I went to school with RomyJo and Lano - we met when we were only in year 7 – but it was around year 11 when we actually started to realise that we could do this properly. It 100% was important having this group of friends who were all involved – they’ve definitely influenced a lot of my music, from when I first started out and was finding my sound to the music I'm making now. Being an independent artist is definitely made a lot easier when you’ve got your group. Finding a feature, for example, is so easy cos I can just get RomyJo to sing on one of my tunes – I don’t have to then think about it too much, I know they’re there and they get what I’m about. Even just the energy in the studio is helped with having a group like this. They might not be fully featured on a track but they do a layer of vocals or ad libs, adding a little something, then I’ll do the same for them. The way we bounce off each other ends up making an atmosphere that we all kind of share in Straight3. The vibe is just always right.
Your first EP, “Stress 3”, was released last month - what was the concept behind the release?
With this EP, it wasn’t a generic studio project – it was a product of all of the music I’ve been making over the past few years. I had all these tracks from back in 2017 and 2018, and I was thinking that if I don’t put these tracks on the EP now, they’ll never come out. So it was a combination of those older tracks matched up with newer tunes that had the same vibe - the “Stress 3” vibe. It wasn’t just a case of going to the studio making tunes just for the EP, I spent time listening to what I had and saw what made sense together and what didn’t – I could already hear them all in order. It all came together naturally.
It’s clear on “Stress 3” that you’re a versatile vocalist – have you always been focussed on showcasing your ability to switch it up?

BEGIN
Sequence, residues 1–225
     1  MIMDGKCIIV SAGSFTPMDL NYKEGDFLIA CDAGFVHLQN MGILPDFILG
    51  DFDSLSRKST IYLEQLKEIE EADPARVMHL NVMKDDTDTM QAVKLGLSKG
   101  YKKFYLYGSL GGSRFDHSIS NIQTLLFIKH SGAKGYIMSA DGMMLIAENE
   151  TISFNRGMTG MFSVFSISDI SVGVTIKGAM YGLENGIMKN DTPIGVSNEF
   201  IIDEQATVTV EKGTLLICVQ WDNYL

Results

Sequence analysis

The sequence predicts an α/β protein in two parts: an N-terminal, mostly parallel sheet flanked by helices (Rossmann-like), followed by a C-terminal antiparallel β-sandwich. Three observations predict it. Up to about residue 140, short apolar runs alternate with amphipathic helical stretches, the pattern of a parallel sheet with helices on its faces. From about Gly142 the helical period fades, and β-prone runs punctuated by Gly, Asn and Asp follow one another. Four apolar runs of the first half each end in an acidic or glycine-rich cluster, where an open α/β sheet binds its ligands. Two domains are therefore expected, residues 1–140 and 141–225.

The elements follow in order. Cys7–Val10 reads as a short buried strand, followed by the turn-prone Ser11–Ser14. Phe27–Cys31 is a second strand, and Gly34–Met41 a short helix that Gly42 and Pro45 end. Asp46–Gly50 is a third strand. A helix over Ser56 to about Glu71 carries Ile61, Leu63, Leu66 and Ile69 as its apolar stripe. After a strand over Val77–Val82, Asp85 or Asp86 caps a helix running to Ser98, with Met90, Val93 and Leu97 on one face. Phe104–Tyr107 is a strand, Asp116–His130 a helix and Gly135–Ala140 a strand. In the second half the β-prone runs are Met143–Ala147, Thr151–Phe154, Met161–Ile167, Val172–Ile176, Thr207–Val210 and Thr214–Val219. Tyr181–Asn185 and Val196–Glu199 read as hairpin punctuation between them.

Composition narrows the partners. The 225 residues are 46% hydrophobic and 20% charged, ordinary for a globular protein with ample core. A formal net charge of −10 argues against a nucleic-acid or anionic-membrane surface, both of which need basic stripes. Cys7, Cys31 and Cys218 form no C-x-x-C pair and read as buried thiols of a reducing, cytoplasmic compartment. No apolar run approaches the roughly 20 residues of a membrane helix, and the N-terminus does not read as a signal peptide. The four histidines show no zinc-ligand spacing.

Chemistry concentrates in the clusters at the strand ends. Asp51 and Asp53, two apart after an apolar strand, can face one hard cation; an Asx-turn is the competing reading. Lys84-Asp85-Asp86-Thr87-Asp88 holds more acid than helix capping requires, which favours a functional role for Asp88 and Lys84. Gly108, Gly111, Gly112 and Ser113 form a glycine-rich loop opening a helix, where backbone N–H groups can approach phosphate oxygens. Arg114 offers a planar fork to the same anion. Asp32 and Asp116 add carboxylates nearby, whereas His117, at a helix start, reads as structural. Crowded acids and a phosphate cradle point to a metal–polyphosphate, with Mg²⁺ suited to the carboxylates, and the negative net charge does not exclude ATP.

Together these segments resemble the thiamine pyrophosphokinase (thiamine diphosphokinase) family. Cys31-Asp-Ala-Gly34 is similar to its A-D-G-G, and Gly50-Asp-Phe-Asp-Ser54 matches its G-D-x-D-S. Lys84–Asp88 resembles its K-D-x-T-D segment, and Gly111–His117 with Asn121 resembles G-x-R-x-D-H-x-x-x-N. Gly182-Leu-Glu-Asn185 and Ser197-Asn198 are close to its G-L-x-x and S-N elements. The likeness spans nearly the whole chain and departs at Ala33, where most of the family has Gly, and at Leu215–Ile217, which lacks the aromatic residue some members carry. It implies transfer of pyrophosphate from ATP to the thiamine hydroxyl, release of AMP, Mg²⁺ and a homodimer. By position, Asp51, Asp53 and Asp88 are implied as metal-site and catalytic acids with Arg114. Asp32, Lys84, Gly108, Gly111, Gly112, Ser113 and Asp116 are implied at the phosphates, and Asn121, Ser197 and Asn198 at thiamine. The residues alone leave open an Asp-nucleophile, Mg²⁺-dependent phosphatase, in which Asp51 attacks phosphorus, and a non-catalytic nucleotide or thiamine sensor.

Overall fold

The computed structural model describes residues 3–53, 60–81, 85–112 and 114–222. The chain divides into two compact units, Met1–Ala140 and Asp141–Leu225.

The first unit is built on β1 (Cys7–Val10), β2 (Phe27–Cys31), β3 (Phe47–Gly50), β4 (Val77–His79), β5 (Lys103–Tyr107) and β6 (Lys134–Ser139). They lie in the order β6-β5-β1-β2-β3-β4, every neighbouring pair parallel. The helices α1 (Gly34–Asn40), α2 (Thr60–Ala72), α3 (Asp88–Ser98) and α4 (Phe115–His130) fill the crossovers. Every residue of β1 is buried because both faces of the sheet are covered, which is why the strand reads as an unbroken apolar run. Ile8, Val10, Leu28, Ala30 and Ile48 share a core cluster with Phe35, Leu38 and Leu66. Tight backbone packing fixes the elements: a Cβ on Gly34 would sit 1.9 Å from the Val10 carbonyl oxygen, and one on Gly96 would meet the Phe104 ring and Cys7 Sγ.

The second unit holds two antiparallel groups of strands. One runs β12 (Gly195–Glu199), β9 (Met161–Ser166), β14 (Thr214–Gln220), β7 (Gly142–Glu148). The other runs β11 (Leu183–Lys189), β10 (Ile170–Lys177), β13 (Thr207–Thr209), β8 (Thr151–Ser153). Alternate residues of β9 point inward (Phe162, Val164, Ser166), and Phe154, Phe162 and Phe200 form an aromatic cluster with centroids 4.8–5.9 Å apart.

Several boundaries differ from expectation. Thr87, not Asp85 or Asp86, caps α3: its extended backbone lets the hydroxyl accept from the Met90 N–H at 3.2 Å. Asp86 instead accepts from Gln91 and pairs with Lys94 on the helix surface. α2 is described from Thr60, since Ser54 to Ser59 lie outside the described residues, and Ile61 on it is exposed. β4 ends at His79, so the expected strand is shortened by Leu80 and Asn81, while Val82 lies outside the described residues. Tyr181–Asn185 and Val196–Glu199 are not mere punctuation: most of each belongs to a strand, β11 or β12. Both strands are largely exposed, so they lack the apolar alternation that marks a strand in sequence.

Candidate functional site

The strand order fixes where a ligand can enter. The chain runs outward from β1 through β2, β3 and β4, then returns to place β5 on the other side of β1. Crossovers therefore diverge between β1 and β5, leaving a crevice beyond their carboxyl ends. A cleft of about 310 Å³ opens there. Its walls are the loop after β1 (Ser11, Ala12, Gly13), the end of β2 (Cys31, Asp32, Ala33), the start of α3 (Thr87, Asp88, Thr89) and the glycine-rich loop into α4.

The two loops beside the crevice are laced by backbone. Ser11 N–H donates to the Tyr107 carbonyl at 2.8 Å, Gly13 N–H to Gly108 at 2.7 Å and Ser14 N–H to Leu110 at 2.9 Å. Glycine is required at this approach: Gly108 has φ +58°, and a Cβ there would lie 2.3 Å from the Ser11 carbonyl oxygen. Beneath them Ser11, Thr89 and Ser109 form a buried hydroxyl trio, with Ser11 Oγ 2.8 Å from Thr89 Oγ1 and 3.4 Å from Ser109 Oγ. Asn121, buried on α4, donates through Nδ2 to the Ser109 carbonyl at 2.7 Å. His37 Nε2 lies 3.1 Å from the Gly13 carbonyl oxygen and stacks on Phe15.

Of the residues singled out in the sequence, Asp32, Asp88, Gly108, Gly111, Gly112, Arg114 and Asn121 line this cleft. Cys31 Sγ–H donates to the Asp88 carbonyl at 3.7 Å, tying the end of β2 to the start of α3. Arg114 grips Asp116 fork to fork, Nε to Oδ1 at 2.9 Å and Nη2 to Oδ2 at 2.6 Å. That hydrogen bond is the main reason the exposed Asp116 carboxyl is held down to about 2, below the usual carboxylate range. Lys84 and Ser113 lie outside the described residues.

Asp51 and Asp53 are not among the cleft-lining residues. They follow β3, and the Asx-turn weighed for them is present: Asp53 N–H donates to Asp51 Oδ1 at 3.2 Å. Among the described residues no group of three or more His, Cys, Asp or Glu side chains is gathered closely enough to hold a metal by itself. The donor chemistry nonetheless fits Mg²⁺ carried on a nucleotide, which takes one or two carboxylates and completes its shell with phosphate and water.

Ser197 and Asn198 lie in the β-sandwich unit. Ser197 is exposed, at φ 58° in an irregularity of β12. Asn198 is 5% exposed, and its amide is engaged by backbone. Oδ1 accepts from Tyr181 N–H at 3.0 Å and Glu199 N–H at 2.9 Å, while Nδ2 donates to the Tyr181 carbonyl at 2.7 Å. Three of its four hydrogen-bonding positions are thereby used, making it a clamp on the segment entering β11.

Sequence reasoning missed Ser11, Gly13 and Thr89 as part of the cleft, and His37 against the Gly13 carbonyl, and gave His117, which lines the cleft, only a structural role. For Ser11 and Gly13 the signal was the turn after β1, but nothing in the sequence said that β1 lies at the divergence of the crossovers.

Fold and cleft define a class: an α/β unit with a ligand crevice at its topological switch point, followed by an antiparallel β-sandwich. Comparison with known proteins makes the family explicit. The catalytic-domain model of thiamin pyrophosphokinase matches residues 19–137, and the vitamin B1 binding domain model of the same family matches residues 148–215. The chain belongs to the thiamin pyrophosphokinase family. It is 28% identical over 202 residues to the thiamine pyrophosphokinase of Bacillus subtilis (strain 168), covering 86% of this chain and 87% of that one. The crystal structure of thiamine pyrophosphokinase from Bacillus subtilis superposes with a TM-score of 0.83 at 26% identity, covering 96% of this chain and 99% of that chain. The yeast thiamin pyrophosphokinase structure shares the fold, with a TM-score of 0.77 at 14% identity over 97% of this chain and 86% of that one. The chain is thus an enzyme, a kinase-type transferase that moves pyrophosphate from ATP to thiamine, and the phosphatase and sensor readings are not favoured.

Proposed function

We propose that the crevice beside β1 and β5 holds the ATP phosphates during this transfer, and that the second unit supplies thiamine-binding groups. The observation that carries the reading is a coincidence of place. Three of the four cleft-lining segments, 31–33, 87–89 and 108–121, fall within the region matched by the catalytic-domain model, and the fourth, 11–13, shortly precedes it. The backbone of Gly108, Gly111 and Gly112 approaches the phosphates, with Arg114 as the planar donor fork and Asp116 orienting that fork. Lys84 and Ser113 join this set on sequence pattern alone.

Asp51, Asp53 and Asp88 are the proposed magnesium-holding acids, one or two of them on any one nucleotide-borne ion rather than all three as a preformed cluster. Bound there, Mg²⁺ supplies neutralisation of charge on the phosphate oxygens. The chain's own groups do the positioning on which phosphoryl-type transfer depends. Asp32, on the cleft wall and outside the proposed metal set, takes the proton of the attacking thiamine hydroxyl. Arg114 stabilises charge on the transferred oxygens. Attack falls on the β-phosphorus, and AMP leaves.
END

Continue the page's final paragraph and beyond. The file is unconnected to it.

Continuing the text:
100%. I’ve been making music with a similar vibe for the whole time I’ve been writing bars and recording, but people don’t know about the other kinds of sounds I like to make because maybe they’re on Soundcloud or Youtube, a bit more difficult to find. With “Stress 3” though, they’ll hear me singing and they’ll get it, they’ll see that versatility – switching it up and trying out new things. It was almost me showing people that I can do it all.
I’ve read that you mostly write lyrics once you’ve found a beat that you like and can vibe with – do you find that once you’ve got a beat you really like, the writing process happens quite quickly and organically?
It honestly just depends on the situation and how I’m feeling – sometimes I might go to the studio and really like a beat, but not come up with even one bar while I’m there. Sometimes I just don’t want to write bars - I want to make sure that everything I do is the best it can be. So I'll take some time to just keep listening to it at home, record a couple of voice notes of ideas and keep writing at home so that when I go back to the studio I can go in and finish it off, rather than trying to do it all quickly at once. That’s how I work. I started from listening to Youtube beats, I didn’t go to the studio with producers really, so I had to work like that – going to the studio to pay x-amount to record a track in a set amount of time.
Listening to “Stress 3”, I think it’s interesting to take something like trap, that was originally American, and seeing it through the UK filter, with its own charm, influences and frame of reference. How do you think that UK perspective influences your music?
I feel like it does have a big influence, even just down to something as simple as the way I speak and the slang I use. I don’t try to twist it to make it something that everyone is going to understand – even though UK slang has become pretty well known now – I wanted to do my own thing, and if people like it, then they like it. It isn’t as dark as trap music often is normally. It’s more fun and maybe a bit less serious.